IMO the bottle neck is not WAL but table/index bloat. Lots of updates
on large tables will produce lots of dead tuples. Problem is, There'
is no effective way to reuse these dead tuples since VACUUM on huge
tables takes longer time. 8.0 adds new vacuum delay
paramters. Unfortunately this does not help. It just make the
execution time of VACUUM longer, that means more and more dead tuples
are being made while updating.

Probably VACUUM works well for small to medium size tables, but not
for huge ones. I'm considering about to implement "on the spot
salvaging dead tuples".
Tatsuo Ishii

> This is probably a lot easier than you would think.  You say that your 
> DB will have lots of data, lots of updates and lots of reads.
> Very likely the disk bottleneck is mostly index reads and writes, with 
> some critical WAL fsync() calls.  In the grand scheme of things, the 
> actual data is likely not accessed very often.
> The indexes can be put on a RAM disk tablespace and that's the end of 
> index problems -- just make sure you have enough memory available.  Also 
> make sure that the machine can restart correctly after a crash: the 
> tablespace is dropped and recreated, along with the indexes.  This will 
> cause a machine restart to take some time.
> After that, if the WAL fsync() calls are becoming a problem, put the WAL 
> files on a fast RAID array, etiher a card or external enclosure, that 
> has a good amount of battery-backed write cache.  This way, the WAL 
> fsync() calls will flush quickly to the RAM and Pg can move on while the 
> RAID controller worries about putting the data to disk.  With WAL, low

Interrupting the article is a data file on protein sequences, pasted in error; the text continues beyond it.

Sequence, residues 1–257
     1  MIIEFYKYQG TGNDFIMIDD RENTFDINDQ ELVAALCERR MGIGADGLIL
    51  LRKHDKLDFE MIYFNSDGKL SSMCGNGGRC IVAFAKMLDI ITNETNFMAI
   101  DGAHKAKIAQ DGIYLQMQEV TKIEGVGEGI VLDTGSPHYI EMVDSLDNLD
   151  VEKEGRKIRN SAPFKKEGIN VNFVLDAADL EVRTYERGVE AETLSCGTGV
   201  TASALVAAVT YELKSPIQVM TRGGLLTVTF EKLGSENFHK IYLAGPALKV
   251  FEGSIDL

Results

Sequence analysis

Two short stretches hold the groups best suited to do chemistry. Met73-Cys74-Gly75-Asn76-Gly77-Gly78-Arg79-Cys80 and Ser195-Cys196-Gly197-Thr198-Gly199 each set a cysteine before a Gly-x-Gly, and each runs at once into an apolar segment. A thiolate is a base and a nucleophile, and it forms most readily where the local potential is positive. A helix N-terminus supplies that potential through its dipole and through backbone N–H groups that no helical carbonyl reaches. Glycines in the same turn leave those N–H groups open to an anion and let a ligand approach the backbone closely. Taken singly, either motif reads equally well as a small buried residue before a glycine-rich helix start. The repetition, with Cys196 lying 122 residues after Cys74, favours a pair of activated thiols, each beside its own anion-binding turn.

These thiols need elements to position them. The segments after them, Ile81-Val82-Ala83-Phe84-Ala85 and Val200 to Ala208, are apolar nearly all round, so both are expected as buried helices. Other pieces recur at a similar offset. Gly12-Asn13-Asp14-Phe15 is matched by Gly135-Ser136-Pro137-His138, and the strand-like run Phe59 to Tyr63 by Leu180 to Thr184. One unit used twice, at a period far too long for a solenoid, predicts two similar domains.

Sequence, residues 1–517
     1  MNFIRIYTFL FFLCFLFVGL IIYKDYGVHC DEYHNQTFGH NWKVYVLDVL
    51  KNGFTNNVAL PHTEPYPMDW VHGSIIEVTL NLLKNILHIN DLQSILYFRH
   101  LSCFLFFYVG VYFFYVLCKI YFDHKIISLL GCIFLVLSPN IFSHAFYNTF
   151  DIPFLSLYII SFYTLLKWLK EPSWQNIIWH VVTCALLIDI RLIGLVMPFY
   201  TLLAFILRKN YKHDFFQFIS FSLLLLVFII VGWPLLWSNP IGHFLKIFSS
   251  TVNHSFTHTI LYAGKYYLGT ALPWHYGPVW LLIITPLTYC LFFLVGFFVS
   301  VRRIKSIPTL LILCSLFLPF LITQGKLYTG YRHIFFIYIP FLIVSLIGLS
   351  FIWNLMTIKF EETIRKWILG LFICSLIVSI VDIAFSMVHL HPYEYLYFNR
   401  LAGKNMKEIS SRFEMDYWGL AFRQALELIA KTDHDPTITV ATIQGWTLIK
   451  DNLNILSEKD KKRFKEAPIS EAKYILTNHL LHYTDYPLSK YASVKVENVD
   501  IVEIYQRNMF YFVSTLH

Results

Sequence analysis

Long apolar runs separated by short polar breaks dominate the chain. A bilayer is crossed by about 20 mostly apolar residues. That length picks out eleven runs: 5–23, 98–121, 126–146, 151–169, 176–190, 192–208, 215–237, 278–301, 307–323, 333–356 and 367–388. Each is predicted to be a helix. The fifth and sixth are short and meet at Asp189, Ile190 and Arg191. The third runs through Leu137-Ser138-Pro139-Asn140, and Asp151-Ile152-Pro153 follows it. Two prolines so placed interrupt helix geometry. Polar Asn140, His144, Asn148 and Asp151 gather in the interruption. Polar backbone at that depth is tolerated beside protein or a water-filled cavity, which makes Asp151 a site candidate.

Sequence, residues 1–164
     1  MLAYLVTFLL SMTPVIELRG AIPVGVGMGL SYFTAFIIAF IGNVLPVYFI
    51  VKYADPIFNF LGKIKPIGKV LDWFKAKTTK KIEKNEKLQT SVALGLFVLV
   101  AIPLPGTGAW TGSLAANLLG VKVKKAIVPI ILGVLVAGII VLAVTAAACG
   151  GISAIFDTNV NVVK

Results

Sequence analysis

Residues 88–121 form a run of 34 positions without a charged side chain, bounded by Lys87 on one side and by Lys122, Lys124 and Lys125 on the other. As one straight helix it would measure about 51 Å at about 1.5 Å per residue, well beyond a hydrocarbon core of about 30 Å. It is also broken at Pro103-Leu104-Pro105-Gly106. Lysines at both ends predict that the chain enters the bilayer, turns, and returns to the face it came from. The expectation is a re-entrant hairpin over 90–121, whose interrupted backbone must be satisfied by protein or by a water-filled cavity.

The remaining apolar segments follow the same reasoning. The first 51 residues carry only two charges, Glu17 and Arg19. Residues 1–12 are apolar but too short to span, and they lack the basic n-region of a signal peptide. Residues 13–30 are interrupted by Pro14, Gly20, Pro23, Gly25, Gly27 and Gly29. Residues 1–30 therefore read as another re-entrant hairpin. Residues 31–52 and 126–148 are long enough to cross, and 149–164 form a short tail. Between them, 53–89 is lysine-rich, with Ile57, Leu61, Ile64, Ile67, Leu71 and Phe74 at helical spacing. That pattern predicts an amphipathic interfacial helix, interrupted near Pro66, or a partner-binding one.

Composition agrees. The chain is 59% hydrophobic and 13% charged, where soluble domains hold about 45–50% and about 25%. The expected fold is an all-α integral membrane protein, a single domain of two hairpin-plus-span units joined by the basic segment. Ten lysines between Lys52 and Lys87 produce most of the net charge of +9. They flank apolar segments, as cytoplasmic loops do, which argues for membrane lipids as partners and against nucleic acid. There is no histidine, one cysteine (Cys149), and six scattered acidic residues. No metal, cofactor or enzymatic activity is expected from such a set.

> access time is usually more important than total throughput.
> The truth is that you could have this running for not much money.
> Good Luck,
> Marty
> > Le Jeudi 20 Janvier 2005 19:09, Bruno Almeida do Lago a écrit :
> >  > Could you explain us what do you have in mind for that solution? I mean,
> >  > forget the PostgreSQL (or any other database) restrictions and 
> > explain us
> >  > how this hardware would be. Where the data would be stored?
> >  >
> >  > I've something in mind for you, but first I need to understand your 
> > needs!
> > 
> > I just want to make a big database as explained in my first mail ... At the
> > beginning we will have aprox. 150 000 000 records ... each month we will 
> > add
> > about 4/8 millions new rows in constant flow during the day ... and in same
> > time web users will access to the database in order to read those data.
> > Stored data are quite close to data stored by google ... (we are not 
> > making a
> > google clone ... just a lot of data many small values and some big ones ...
> > that's why I'm comparing with google for data storage).
> > Then we will have a search engine searching into those data ...
> > 
> > Dealing about the hardware, for the moment we have only a bi-pentium Xeon
> > 2.8Ghz with 4 Gb of RAM ... and we saw we had bad performance results 
> > ... so
> > we are thinking about a new solution with maybe several servers (server
> > design may vary from one to other) ... to get a kind of cluster to get 
> > better
> > performance ...
> > 
> > Am I clear ?
> > 
> > Regards,
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